There was a pod of six or seven trout between 15″ and 17″ that fed as a pack right in front of me. They poked their heads out of the water repeatedly, accentuating their feeding activity with audible slurps! For some reason, perhaps because we didn’t have the right color fly, we had a bit of a tough time. Another reality was the shortage of dark-bodied Baetis patterns in my fly box. There were so many flies on the water though, that quite possibly competition with sheer numbers of the naturals was the most limiting factor. These fish also experience heavy fishing pressure, which makes them drift-shy. We caught some more trout, but not one right after another. Nonetheless, it was truly enjoyable to see such a huge hatch, on opening day, and Spring Creek was not crowded at all. The steady rain splattered the surface of the pool so intensely that we could not make an accurate assessment of the number of duns on the water, though it seemed that every square foot of the surface was occupied by a Baetis dun. It was the heaviest Baetis hatch I’ve ever encountered. That’s what Spring Creek can offer under the right conditions, which is so fertile and contains so many trout, all acclimated to the colder water.
During my very first weekend nymphing clinic in 1995, we had also enjoyed trout rising to Baetis duns on March 16, even with ice in our rod guides, a high temperature for the day of 29 degrees Fahrenheit, and a stream temperature of only 40 degrees.
While I was fishing with Jim Poling I took the opportunity to pick up a stone to show him the bug life. The rock was no bigger than my hand, the first one I randomly selected from a shallow riffle. Among the moss, there were over two dozen cress bugs, three dozen larger sulphur nymphs (size #14), and dozens and dozens of #18 and smaller dark olive, and blackish-gray mayfly & caddis nymphs, unidentifiable to my amateur entomologist eye. There were easily over 100 individual insects on that one rock. A second rock yielded a comparable density of “bugs.”
On Sunday, we fished a different section of Spring Creek, five of us, and everyone began to catch trout immediately on nymphs. Bead-head caddis larva (one of the first basic fly designs introduced in 1991, very similar to what are now part of the trendy group of patterns called, “Czech nymphs), dark sulphur nymphs, Baetis nymphs, brassies, flash-back pheasant tails, etc. About 10:30 AM, dozens of trout were found rising in a long pool. They appeared to be midging – Griffith’s Gnat time again! It worked well as usual, not on every fish, but I caught my share. Again, some Baetis were on the water, and the others took some fish on dun patterns, but a heavy hatch never materialized. The trout still took various nymphs readily. By lunch time, the five of us had caught nearly 60 trout.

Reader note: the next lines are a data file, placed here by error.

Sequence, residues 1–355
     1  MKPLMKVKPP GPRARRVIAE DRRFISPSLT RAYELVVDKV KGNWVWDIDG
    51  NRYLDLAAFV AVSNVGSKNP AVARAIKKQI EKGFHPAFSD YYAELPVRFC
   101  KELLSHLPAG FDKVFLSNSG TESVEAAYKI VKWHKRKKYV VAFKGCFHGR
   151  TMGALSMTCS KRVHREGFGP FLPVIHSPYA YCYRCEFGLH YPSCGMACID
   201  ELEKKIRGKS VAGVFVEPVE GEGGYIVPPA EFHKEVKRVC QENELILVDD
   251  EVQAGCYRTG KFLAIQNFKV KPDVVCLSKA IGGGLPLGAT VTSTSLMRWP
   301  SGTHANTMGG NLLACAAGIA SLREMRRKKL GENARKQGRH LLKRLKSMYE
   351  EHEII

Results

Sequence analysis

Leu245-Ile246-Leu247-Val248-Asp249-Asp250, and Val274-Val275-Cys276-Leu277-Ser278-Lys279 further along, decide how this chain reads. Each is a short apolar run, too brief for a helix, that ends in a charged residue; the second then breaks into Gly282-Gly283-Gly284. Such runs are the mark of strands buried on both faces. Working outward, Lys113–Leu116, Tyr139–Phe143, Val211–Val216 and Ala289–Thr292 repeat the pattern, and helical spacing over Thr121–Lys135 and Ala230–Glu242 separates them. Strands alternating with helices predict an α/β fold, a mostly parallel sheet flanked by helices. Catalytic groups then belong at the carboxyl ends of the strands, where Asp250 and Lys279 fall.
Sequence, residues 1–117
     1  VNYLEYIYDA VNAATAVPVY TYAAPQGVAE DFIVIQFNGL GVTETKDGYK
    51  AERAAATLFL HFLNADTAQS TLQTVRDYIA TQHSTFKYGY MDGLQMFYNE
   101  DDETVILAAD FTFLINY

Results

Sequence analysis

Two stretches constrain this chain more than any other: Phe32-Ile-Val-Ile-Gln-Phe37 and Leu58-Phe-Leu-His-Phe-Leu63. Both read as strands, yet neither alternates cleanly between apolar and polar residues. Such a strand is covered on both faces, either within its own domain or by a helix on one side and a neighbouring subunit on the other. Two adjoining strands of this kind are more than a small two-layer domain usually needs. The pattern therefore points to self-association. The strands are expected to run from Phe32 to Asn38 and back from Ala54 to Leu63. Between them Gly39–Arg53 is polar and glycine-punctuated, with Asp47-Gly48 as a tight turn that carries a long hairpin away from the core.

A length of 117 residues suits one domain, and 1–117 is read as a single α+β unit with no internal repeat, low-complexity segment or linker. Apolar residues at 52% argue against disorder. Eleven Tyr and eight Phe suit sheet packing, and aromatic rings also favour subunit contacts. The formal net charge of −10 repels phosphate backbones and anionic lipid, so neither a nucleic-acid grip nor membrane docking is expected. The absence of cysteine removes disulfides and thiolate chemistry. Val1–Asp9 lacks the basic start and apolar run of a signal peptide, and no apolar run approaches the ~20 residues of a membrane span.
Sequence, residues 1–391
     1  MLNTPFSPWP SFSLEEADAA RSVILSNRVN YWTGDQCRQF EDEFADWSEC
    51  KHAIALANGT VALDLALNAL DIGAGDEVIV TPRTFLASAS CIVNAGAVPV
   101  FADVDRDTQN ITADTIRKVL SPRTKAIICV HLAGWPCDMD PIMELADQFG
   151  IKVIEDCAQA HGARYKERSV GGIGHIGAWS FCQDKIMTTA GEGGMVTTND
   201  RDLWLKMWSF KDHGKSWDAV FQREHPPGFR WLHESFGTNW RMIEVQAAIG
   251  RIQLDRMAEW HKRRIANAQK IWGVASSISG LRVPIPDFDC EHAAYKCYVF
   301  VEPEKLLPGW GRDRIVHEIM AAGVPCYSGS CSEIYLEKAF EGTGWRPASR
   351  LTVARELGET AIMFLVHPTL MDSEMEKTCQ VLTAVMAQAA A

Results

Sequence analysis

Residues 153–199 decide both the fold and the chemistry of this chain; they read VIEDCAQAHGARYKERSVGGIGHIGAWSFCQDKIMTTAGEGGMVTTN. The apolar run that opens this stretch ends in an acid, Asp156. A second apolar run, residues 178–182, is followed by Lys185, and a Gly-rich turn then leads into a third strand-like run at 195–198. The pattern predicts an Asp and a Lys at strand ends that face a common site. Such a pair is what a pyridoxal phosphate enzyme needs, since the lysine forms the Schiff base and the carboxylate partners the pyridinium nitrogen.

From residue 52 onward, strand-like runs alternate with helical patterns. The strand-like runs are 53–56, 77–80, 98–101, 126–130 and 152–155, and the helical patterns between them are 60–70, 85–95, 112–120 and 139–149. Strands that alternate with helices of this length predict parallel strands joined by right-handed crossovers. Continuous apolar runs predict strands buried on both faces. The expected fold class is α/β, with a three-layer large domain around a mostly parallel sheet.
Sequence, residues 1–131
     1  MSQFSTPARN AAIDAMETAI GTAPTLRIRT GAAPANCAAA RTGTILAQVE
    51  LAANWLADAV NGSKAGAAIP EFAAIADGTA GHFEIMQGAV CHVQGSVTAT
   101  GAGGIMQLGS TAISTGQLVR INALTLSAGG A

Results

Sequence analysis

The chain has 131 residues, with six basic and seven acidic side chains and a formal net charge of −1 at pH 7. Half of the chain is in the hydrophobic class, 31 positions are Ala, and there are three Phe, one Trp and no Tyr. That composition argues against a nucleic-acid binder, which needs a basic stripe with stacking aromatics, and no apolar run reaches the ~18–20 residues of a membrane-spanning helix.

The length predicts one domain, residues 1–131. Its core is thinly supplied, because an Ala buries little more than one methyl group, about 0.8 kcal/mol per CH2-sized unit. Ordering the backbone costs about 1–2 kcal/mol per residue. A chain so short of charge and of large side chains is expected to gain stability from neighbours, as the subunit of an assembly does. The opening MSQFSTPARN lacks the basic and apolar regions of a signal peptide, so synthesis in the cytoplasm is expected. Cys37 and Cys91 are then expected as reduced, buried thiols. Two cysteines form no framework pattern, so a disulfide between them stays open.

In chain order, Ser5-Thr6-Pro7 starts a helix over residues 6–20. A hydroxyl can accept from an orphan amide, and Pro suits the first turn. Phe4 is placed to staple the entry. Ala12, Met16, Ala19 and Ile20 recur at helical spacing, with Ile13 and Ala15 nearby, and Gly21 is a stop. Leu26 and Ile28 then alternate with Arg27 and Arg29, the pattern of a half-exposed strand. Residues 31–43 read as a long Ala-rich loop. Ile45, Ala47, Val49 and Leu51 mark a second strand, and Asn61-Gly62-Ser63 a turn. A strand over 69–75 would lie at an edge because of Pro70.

We went to Fishing Creek after lunch to finish the day. There were midges, some Baetis, and rising trout in the pools. Few other anglers were around, so the four of us had the water to ourselves for an hour. This is unusual for Fishing Creek. Later, a couple more anglers arrived, but that was it. We caught lots more trout on a variety of small patterns. In late afternoon the air temperature dropped around 4:00 PM as the bottom fell out of the thermometer, and there were even some slushy snowflakes at one point.
On Friday May 2, good friend Bill Fish and I spent a little over four hours on Spring Creek, starting about 10:00 AM. We both got a few fish right away, and then separated because I was lagging – taking my good ol’ time as I fished a large riffle into a nice pool. I caught my third trout, a big one, at 11:15 AM in the pool where Bill had started. I spotted this fish in the shallows and thought it was a huge sucker, because they were spawning and were very active moving about the riffles. When the fish got within twelve feet of me, I saw spots! He was feeding in a seam off the edge of the current in two feet of water. This was sub-surface sight fishing, and I changed patterns four times. He finally took a #20 Goose Quill nymph (one of my original nymph patterns), and ran downstream almost 100 yards before being brought to net. (I followed him, he never took me into my backing – why would I allow him to do that?). It was a 20 inch brown, which I photographed and measured. (One of these days I’ll start converting some of my 35mm slide images to digital). When I caught up with Bill, I discovered that he had landed over a dozen trout on five different colors of Bead-head Caddis Larva. I did likewise on sulphur nymphs, flash-back pheasant-tails, etc. for the remainder of the morning.